Friday, November 7, 2014

So Nutty

You thought I was going to post about the cashew pie I'm making for the South Side Pie Challenge, right?


I'm writing today about my progress in pursuing bariatric surgery.

I draw you in with pie, then I tell you more about laparoscopic procedures. It's the old pie/surgery switch-a-roo, for you. Ha ha!

As I talk to more and more loved ones about the possibility of undergoing a vertical sleeve gastrectomy, I can hear the worry in their voices. Am I sure I need surgery? Do I understand surgery is risky, sometimes even fatal? Do I really know that I can't take care of my obesity through any other way?

I am so grateful people care about me. This is a very hard decision, but here is what my research tells me: the majority of people with obesity as severe as mine do not eliminate enough weight long term without surgery to reduce the many comorbidities that accompany this disease. Success rates for weight loss surgery are the highest among any treatment course.  I could link to many research articles which show this, but I'll spare you the stats. Surgery is scary, and violent, and mutilating, even as it saves lives. With this in mind, I can say this:

I believe that I am currently dying of the disease, obesity, and I believe that surgery is the best shot I have at saving my own life.

Yes, I may have complications. Yes, I could die from one of them. The chances of death from laparoscopic surgery or nosocomial infection are very low, given a good surgical team and a safe hospital, and pale in comparison to the risks of not losing body mass.

As for using less invasive methods to control my weight, I must continue to make behavior changes, follow a healthy diet, and pursue consistent exercise, in order to be well. A gastric sleeve cannot cure me, it is just a tool, albeit the best tool currently available to get me where I need to be.

Now, if you really want to scare people you love, tell them that you might fly to San Diego, then cross the border to Tijuana for the surgery.

It sounds nuts, right? So nuts!  I posed that question, "Am I totally nuts to consider this?" to my girlfriends this week, for roughly the hundredth time, and my friend, Carrie, hit the nail on the head when she replied, "It's one of those things that sounds nuts until you research it."

That has been exactly my experience.

Researching surgeons and facilities is difficult. Getting complication and mortality rates is challenging. Finding former patients with feedback (good and bad) involves some reaching out of your comfort zone, and exposing your own struggles. Getting the skinny (no pun intended) on what surgery in a far away place looks like without having visited there takes a good amount of sleuthing and persistence.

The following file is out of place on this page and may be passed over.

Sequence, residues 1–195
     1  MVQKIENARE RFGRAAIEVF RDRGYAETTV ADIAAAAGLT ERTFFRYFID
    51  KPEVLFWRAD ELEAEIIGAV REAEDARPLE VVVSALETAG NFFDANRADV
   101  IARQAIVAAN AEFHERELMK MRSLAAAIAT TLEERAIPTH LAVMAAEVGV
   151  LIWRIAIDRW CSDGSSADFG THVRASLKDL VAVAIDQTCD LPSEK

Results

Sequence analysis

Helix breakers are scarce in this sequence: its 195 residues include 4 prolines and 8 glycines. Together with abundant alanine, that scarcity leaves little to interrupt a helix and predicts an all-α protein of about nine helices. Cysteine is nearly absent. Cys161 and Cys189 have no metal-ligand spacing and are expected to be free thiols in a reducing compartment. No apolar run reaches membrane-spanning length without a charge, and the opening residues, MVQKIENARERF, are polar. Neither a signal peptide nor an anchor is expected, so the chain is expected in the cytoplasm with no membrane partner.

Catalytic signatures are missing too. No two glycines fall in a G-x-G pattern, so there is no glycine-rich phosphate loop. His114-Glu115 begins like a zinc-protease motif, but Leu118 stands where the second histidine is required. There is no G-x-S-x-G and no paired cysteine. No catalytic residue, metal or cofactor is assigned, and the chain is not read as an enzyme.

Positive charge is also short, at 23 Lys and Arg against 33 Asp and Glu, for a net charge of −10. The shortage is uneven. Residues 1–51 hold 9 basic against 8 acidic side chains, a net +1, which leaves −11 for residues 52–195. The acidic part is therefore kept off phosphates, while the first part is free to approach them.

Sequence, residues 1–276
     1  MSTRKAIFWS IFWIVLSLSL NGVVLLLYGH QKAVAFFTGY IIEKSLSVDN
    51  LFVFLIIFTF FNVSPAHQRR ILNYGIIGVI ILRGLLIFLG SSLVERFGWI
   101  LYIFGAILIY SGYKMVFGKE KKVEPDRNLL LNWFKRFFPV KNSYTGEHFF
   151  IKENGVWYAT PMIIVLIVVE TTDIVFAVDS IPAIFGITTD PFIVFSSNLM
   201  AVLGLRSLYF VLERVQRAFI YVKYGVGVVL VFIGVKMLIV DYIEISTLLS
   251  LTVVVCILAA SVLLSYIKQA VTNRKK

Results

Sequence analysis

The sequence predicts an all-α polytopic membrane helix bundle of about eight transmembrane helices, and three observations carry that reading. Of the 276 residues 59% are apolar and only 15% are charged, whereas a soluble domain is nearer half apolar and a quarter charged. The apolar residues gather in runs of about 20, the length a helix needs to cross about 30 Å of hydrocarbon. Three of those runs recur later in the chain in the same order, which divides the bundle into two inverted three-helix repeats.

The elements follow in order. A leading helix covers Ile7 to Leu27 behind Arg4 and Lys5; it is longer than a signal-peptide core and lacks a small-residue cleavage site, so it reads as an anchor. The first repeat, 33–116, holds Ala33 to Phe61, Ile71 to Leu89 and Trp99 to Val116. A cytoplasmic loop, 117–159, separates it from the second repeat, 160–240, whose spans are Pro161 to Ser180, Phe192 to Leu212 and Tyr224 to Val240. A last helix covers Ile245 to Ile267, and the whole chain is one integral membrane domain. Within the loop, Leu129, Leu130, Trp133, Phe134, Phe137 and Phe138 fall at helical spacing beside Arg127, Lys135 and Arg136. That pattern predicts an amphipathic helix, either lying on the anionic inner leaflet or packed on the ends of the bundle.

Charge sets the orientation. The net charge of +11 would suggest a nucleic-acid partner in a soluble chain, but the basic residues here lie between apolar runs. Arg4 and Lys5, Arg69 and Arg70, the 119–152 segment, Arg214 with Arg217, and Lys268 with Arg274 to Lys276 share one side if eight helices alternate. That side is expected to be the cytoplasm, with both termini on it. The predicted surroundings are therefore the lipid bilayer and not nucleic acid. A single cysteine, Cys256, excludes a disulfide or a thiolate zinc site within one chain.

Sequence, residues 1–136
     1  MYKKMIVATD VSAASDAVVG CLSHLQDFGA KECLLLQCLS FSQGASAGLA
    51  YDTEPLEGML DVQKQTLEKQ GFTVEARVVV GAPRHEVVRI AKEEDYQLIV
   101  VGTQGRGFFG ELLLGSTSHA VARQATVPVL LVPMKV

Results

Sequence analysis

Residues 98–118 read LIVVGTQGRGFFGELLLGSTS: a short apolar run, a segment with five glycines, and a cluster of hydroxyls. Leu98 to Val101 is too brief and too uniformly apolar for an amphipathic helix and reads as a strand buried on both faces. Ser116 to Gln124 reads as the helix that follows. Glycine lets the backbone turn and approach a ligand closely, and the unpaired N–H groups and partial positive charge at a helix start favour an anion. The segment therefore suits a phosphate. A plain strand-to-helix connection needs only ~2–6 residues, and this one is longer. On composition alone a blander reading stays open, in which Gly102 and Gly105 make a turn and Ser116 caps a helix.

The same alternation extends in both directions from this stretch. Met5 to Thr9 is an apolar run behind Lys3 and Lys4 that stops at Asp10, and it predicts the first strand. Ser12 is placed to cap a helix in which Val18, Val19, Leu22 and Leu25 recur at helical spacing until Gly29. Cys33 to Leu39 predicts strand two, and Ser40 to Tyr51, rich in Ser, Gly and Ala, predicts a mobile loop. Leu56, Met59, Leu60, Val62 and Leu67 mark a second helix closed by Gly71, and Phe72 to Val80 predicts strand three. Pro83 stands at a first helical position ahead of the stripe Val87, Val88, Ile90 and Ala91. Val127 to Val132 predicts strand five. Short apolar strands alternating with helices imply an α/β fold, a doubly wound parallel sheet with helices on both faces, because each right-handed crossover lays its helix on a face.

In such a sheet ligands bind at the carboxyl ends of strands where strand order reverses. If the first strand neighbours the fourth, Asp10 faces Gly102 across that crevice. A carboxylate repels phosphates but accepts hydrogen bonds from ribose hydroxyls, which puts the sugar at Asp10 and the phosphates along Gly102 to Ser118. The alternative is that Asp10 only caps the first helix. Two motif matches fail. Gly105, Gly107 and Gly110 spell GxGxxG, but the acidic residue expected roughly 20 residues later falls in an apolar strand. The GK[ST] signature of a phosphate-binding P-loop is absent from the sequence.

Here's the thing, though: this is true for surgeons and hospitals both inside and outside the United States. If I am going to have to have this surgery on a self-pay basis, I will likely have to travel. This means that, in the age of medical tourism, it is sometimes the more foreign places which do a better job at disclosing information, handling logistics, and giving you a view of their surgical procedures and hospital environment.

Case in point, here is one of the doctors/practices I am currently interviewing. You can see his CV, check his license, get his volumes, etc., all online, both on his site and through general web research. You can then talk to his coordinator via email, phone, or text with any concerns or questions. If you have a few moments, take a look.

This is just one of the surgical practices with this kind of information, although I like this one a lot because you have the opportunity to look up their whole team, including anesthesiologist, internists, and surgical nurses, as well as the facility.

Nothing is decided, yet. We had a great conversation with our insurance coordinator today, who is going to work hard to see if we can get this surgery covered here, despite it being an exclusion at first glance. We have interviews with doctors here in Chicago (too pricey, but their practice might be able to provide before and after care, and recommend less expensive options for surgery), and in Michigan, all before Thanksgiving. It is too soon to say if I will be heading out of the country to make this happen. I'm not excluding it as a possibility, though, because the more I investigate, the more I believe it is a logical and safe option…

…and while I wait, I think starting the Duolingo Spanish program wouldn't be a terrible idea.


  1. Kori,
    You are dealing with a disease that is impacting your quality of life. Choosing a treatment path for any disease is difficult, risky, and filled with "what ifs". You can only go with the path that is right for you. I am sorry that the American medical/insurance system has left you with so many other hurdles to overcome in your search for your best treatment options.

  2. I agree with Lisa, and I think that only you can make the decision, regardless of the opinions of others. I'm glad that you are doing tremendous research before making your decision!